|Born||May 31 1953|
|NFL Draft||1975 / Round: 3 / Pick: 68|
|Games played - started||146 - 94|
|Stats at NFL.com|
|Career highlights and awards|
Richard Marlon Wood (born May 31, 1953 in Elizabeth, New Jersey) is a former American football All-American linebacker who played for Thomas Jefferson High School in Elizabeth, the USC Trojans, and the New York Jets and Tampa Bay Buccaneers of the National Football League. He was the team captain and leading tackler of the Buccaneers' early, John McKay-coached teams.
Wood attended the University of Southern California where he was a three time All-American for the USC Trojans (1972-1974 seasons). The USC Trojans won two National Championships during Wood's playing years. Wood was modest-sized for a NCAA Football Bowl Subdivision (formerly NCAA Division I-A) middle linebacker, but made up for the lack of bulk with lightning speed, game stamina, and a fondness for violent tackles. His trademark "Batman" 'band of black' painted across his nose and around both eyes, as those eyes peered out from his helmet, was celebrated by his teammates, the sports press, and Trojan football fans, and was a gesture to intimidate opponent team linemen and ballcarriers.
Wood came to the varsity as a sophomore in 1972 and not only led the undefeated Trojans in tackles, he surpassed the total of his closest teammate by 30 stops and was also given the responsibility of calling the defensive signals. Wood had five interceptions, returning one for a touchdown and deflected four other passes. For his efforts he gained first-team All-America status. In his junior year he once again led USC to a conference title and another trip to the Rose Bowl. He was a consensus All-American in 1973. In 1974, Wood was part of his second victorious Rose Bowl and national title team. He repeated as a consensus All-America choice. While at USC the Trojans amassed a 31-3-2 record. In 2007 he was inducted into the College Football Hall of Fame.
Wood was selected by the New York Jets in the third round of the 1975 NFL Draft, but experienced a difficult rookie season. Charges of having received stolen airline tickets damaged his public reputation, even after he was exonerated. He also had trouble fitting into a Jets locker room atmosphere that he considered to be cold and unfriendly. A preseason trade to the expansion Tampa Bay Buccaneers reunited him with his former USC coach, John McKay, and placed him in a more favorable situation. With the Buccaneers, he became a key player on one of the league's best defensive units. After moving into the starting lineup during the 1976 season, he started 88 consecutive games before being replaced by Scot Brantley in 1982. He averaged 136 tackles per season as a starter, and his single-game high of 18 tackles remains tied as the team record. As of 2012, he ranks sixth all-time among Buccaneer defenders with 855 career tackles. His two defensive touchdowns in 1977, one of which occurred during the franchise's first-ever victory, established a franchise record that stood until 1990. With Ronde Barber and Derrick Brooks, he is one of three Buccaneers to have scored on both a fumble and an interception return in the same season. Wood was captain of the 1979 squad that advanced to the NFC Championship game.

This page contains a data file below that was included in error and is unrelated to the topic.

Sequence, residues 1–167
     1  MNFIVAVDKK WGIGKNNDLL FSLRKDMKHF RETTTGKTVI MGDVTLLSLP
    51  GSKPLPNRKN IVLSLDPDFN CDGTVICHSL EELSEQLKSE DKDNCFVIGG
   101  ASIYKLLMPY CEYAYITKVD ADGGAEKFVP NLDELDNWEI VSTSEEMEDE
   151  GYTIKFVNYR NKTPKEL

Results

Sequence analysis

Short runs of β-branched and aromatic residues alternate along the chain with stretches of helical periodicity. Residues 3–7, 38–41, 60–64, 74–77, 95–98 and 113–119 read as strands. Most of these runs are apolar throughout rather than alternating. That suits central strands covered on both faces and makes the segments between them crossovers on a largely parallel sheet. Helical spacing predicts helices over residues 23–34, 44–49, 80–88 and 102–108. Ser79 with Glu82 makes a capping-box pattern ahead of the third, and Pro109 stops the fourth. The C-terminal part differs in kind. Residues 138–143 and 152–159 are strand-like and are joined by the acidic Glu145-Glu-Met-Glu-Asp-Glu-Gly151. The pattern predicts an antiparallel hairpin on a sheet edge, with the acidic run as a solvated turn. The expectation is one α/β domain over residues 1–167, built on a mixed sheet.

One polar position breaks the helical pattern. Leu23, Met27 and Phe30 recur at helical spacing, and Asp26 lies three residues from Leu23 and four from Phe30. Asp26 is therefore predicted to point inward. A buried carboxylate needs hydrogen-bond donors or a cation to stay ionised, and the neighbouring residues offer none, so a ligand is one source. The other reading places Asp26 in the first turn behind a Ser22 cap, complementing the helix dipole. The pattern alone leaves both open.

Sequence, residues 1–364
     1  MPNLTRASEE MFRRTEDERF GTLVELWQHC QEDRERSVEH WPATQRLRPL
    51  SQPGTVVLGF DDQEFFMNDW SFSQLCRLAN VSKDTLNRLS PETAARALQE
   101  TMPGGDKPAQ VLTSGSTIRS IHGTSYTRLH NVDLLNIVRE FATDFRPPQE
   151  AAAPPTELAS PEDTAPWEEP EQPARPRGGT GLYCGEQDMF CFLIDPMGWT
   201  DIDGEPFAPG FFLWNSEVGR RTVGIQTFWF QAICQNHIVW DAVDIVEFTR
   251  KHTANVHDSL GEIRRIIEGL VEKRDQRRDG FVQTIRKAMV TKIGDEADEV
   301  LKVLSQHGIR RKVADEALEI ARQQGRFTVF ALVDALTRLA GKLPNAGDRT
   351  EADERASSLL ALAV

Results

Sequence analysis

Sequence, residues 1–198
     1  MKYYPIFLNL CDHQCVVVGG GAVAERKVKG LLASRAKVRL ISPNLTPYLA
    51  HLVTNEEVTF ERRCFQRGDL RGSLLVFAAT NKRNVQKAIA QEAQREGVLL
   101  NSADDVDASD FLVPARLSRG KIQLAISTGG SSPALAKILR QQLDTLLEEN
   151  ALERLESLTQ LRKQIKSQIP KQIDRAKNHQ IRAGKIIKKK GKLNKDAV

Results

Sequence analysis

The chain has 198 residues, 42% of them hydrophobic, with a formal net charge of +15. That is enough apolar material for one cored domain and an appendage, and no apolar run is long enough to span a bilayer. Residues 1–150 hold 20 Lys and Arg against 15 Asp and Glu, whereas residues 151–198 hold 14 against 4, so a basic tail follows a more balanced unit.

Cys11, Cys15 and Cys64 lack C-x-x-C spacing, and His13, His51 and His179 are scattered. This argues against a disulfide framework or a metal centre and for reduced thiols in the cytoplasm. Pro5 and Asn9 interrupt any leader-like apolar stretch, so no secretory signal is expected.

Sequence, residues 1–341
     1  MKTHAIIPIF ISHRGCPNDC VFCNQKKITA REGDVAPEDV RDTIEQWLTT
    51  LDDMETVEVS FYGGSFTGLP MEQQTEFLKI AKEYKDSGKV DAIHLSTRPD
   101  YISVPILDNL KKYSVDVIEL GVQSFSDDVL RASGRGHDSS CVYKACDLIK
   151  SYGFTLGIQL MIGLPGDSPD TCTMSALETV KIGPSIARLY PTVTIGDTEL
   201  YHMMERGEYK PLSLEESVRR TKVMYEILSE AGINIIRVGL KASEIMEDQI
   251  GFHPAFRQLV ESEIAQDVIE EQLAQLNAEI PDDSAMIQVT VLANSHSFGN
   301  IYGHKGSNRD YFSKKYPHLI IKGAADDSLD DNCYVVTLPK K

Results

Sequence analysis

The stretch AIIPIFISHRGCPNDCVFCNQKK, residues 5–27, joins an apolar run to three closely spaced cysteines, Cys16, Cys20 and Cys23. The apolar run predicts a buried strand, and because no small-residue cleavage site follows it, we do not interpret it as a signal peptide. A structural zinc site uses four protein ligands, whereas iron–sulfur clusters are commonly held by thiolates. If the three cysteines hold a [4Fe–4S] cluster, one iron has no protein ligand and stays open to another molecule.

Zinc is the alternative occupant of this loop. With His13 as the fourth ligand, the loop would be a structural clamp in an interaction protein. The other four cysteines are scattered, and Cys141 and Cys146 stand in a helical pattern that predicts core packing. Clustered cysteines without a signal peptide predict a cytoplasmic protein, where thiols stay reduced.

When the incoming Leeman Bennett coaching regime declined to renew his contract in 1985, Wood joined the USFL Jacksonville Bulls, where he was considered one of the league's most important signings. He returned to the Buccaneers in the early 1990s as an assistant defensive coach under head coach Sam Wyche. Wood was fired by Wyche after the 1993 season, but returned to serve as honorary captain for the coin toss of the NFC Championship game that resulted in their appearance in Super Bowl XXXVII. He served as an assistant coach with the Amsterdam Crusaders and the Munich Cowboys before taking the head coaching position at Tampa's Wharton High School in 1998, and coached that program to a state final game in the sixth year of its existence. In 2003, he accepted a defensive line coach position with the Frankfurt Galaxy of NFL Europe. As of 2011, he is an assistant coach at Tampa's George D. Chamberlain High School.